Laymen see the overall picture not the fine details. Billy McComb once gave an example of how Jimmy Rogers did a wonderful very elaborate version of the Torn and Restored Newspaper and Billy was drooling about it to the stage manager from the wings. The guy looked astonished at Billy saying "You did the same trick last week". However, Billy's version was much cruder with a less elaborate method that the Rogers version. However, to a layman it was just the same bloody thing.

Magicians always get excited over the wrong things. When I do my svengali pitch they get all excited by a move I do which Joe Stuthard devised. It is very pretty and magicians go nuts over it. However, laymen don't give a toss about it and so I never do it when I am pitching. It doesn't mean a thing to normal human beings.

I see examples of this attitude on this thread. Again Richard Ross eventually realised his ring routine, beloved as it was by all the daft magicians because of all the fancy moves didn't mean very much to laymen so he altered the whole thing so the bloody things could be examined. That is FAR more convincing to laymen than all the fancy moves in the world.

Magicians really need to learn a bit about human psychology and if they paid more attention to the way people's minds work than they do to all their fancy sleights and moves they would progress a lot faster and further.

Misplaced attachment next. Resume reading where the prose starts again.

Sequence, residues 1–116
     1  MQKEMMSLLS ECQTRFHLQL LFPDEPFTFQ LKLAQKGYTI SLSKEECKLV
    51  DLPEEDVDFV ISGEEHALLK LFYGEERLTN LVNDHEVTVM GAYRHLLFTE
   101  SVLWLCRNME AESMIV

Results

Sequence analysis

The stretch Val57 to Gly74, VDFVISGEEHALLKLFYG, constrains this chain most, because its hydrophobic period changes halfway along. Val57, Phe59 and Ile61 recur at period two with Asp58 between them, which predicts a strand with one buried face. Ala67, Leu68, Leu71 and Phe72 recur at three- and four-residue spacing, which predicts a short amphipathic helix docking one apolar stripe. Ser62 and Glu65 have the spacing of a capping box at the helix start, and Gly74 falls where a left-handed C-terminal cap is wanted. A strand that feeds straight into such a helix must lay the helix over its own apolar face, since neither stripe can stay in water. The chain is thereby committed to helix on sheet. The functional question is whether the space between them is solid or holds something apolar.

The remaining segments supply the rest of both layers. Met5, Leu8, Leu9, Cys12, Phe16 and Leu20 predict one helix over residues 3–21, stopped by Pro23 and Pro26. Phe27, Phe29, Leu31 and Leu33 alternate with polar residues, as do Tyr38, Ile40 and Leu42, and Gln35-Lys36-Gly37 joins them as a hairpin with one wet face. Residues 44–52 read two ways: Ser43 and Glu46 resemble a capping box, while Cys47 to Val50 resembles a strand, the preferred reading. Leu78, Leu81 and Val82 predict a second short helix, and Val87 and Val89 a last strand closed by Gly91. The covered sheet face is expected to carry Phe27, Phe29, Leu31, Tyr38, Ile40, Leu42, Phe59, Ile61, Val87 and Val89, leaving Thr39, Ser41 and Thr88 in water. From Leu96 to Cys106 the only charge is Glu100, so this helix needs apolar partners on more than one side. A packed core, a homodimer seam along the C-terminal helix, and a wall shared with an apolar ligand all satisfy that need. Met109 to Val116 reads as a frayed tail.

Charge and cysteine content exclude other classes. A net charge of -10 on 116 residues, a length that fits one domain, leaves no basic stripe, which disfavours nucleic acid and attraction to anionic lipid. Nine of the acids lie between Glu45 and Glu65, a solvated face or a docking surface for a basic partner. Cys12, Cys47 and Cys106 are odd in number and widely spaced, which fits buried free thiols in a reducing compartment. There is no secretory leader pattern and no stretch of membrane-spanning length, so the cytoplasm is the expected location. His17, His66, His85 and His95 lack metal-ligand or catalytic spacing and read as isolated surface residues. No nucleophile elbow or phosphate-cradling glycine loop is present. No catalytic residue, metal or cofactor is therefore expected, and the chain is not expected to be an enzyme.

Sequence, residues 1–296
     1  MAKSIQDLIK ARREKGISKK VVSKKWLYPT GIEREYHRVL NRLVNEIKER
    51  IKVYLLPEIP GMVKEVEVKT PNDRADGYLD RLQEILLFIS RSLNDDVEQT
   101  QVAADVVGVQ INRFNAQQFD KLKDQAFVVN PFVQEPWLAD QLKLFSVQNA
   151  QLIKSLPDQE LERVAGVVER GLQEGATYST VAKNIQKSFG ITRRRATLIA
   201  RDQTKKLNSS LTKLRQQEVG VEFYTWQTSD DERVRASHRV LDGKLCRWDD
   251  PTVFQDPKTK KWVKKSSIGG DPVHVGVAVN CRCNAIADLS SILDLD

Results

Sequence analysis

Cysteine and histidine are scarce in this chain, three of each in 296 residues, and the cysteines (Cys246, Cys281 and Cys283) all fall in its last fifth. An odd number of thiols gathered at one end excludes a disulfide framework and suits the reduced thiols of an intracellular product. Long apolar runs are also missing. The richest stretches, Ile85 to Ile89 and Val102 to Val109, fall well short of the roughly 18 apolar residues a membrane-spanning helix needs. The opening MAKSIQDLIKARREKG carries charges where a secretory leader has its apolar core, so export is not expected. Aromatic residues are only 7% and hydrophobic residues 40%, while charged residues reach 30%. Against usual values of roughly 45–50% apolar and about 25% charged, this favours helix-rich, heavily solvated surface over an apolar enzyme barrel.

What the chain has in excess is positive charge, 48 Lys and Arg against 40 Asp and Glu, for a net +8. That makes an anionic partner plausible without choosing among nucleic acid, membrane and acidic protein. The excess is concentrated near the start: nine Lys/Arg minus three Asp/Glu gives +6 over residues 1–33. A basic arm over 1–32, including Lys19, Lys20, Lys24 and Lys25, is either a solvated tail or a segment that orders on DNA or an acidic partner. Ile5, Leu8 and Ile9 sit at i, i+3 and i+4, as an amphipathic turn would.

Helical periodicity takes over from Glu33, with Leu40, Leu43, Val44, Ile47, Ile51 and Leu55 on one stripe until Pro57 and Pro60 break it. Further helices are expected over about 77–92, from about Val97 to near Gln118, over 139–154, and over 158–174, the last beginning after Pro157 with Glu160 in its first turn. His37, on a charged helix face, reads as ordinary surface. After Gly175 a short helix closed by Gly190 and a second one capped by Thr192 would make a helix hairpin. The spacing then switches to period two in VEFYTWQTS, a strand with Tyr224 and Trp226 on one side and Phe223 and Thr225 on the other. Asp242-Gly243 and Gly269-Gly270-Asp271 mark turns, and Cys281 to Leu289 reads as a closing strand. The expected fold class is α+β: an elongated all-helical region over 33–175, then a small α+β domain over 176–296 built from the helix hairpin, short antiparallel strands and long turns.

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Q. Kumber
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Re: Are they actually fooled or just being polite?

Postby Q. Kumber » August 27th, 2017, 8:59 pm

I've been performing Vernon's Symphony of the Rings for over 40 years. Eric Sharp taught it to me as a great routine to gather a crowd before my outdoor Punch & Judy shows, or at shopping centres. It always worked. I've also used it to open the second half of my theatre shows as the effect is easily understood and can be followed even if you arrive back in your seat in the middle of the routine. I've always used an onstage helper.

It's also a regular in my family shows. Occasionally I will get an adult male (never had a female say it) come up afterwards and say, "I could follow all your tricks but that one with the rings has me completely fooled."

I doubt they could "follow" the other tricks in the sense they knew how they were done, only in that they could take them at face value and come up with a solution that they were happy with.

A few years ago, inspired by the Ninja Rings, I decided to add it to my close-up repertoire. It took me three years to develop a routine and sequence with which I was happy. It gets very strong and audible reactions from adults, both male and female (even magicians).

My criteria were:

The audience had to feel and believe they had handled all four rings
Up in the air. No rings on tables.
Actively involve at least two people - normally I involve four.
Constant surprises.
Escalation of amazement
Most important of all - it had to be entertaining.

When I was a teenager I could and would buy/read a trick and perform it straight away. I look back in jaw-dropping astonishment at my youthful ignorance. On the other hand, without it, I might never have got up in front of an audience.

Walt Lees told me that Richard Ross did hand out some rings in a cabaret situation for lay audiences.